BookExpo America 2013
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BookExpo America is the largest book trade fair in the world with over 10,000 people attending and over 1,500 exhibitors. So it was truly an honour to be asked to speak and participate at this year’s fair and I didn’t hesitate to accept. Held in New York City’s Javits Center the fair has a bewildering number of stalls, panels, presentations and plays host to authors big and small, publishers, experts, readers and book retailers.
Although I have attended, exhibited and participated at most of the book trade fairs – Bologna, Frankfurt and London – this was my first time at the BookExpo and I wondered how it would compare. The BookExpo certainly has a different feel to the others. Readers, lesser well-known authors and small publishers are welcomed and there is less of a closed shop feeling. “Power readers” were even given their own day towards the end of the BookExpo with lots of bestselling authors to meet and panels to attend. Apparently, this was a first for the BookExpo and has received mixed feedback from publishers but the participants and the authors seemed to enjoy themselves with the many of them saying that it was good to interact with their readers directly; something which they are doing more of in the digital environment.
Moving on to everyone’s favourite topic at the moment – digital. This is where I found the largest difference between the BookExpo and other book trade fairs. The ‘digital divide’ was not as evident as in the London Book Fair where anything considered “digital” is relegated to another room (alongside the foreign language publishers) and all digital panels, forums and events are hosted on a separate day (a Sunday) and cost a premium – not included in the admission price. Digital seemed to be, for the most part, integrated into every bit of the BookExpo with most publishers and many authors showcasing their digital products alongside their traditional ones and forums, events and speakers on digital topics happening every day. This I found heartening.
Far from publishers, authors and readers being down beat and hearing the death knell of their industry, I found them energised and confident. Based on many conversations with exhibitors and attendees the so called “digital revolution” appears to be more of an evolution rather than dissolution. Recurrent themes in all the conversations were the challenges of going digital for latecomers, creating a compelling analogue to print experience and the continued need for digital asset creation for sales, marketing and promotion in addition to the publications themselves.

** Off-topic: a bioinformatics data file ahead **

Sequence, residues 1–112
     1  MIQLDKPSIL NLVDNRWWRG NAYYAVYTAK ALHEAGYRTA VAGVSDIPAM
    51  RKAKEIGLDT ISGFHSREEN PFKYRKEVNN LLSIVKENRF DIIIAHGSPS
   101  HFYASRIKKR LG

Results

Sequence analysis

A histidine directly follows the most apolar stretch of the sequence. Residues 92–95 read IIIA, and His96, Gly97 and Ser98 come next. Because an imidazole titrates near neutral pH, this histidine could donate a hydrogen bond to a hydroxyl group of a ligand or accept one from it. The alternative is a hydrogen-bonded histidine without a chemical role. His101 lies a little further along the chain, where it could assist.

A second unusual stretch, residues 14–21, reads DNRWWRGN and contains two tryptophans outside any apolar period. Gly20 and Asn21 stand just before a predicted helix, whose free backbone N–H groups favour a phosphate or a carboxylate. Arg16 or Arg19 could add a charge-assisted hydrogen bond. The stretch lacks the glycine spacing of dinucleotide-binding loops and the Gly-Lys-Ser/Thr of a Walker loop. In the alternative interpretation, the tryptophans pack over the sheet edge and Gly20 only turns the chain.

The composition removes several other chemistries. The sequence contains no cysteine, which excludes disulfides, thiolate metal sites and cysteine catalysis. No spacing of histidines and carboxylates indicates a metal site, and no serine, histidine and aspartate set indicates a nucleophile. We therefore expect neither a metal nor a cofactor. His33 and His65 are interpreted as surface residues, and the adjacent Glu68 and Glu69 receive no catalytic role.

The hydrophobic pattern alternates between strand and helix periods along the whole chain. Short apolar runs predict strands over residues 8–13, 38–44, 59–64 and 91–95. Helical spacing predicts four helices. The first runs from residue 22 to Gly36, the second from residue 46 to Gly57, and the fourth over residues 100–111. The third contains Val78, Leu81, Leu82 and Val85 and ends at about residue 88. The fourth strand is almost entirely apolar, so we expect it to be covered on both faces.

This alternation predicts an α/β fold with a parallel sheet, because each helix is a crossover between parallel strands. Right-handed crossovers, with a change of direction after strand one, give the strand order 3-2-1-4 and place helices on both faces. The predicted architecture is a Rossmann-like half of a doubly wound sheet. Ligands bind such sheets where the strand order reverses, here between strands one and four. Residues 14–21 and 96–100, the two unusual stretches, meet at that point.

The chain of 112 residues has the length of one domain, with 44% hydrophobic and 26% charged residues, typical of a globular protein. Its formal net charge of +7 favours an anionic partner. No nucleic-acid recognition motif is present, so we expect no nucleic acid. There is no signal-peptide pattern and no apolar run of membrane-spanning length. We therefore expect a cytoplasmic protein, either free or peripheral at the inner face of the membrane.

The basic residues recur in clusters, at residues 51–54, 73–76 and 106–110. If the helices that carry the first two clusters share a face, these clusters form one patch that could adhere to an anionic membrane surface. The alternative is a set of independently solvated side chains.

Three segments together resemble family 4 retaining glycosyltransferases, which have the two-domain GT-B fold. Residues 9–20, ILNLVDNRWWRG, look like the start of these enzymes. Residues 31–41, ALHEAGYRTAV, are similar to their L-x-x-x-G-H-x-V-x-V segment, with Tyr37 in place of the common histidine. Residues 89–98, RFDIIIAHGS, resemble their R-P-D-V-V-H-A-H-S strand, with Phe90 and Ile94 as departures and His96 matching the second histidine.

My personal highlight from the BookExpo was the Publishing Hackathon. This was a collaborative digital programming event which started before the BookExpo and ran throughout the fair.
The Hackathon was conceived as a way to bring technology, venture capital and publishing players together for the first time to address the challenge of book discovery in the digital world. Led by a group of major media industry participants including The Perseus Books Group, Librify, BookExpo America, AlleyNYC, and William Morris Endeavor (WME) it attracted 200 participants and over 30 different teams sought to develop new ideas for digital book discovery. This was narrowed down to just six teams who had 10 days to refine their projects. The final was held on 31st May and each team had just five minutes to pitch and demonstrate their final submissions to a very distinguished panel of judges and the audience. I can confirm that it was terrifying yet exhilarating. I am always lecturing my students about how important pitching skills are in publishing and now it was my turn to prove it!
The finalists were:
Bookcity – a platform suggesting novels that take place in the places that you visit
Captiv – a sort of Tripadvisor for books
Coverlist – a book discovery site that replicates a book list experience matching books with readers based on likes, dislikes and emotions
KooBrowser – a site which recommends books for you based on your web reading patterns. The more you browse, the better the book suggestions
Library Atlas – A Digital Librarian to “check out” genres, authors, books, and cities that will then send you a message with a quote that fits your preferences when you are on location where the quote occurs
Evoke – a platform designed for young adults which seeks to connect readers with new characters via their emotion. It enables books and the characters that inhabit them to be browsed based on the emotions they cause. Readers can choose to be inspired, challenged, amused, or informed depending on their mood
Setting aside the fact that many of the names need some work there was some genuinely unique and exciting ideas circulating during the Hackathon. The most inspiring thing for me was the energy in the room. Participants were genuinely excited by the opportunities that digital advances afford them and even more so by working with people that they would never normally encounter. The deserving winners were Evoke and hopefully the enthusiasm and dynamism which was a feature of the group will continue.
The BookExpo just confirmed for me what I have always believed – that although there may be changes in the book and publishing industry the urge to tell stories is a very powerful one which will never die. We just have to work out what that means for us as industry experts.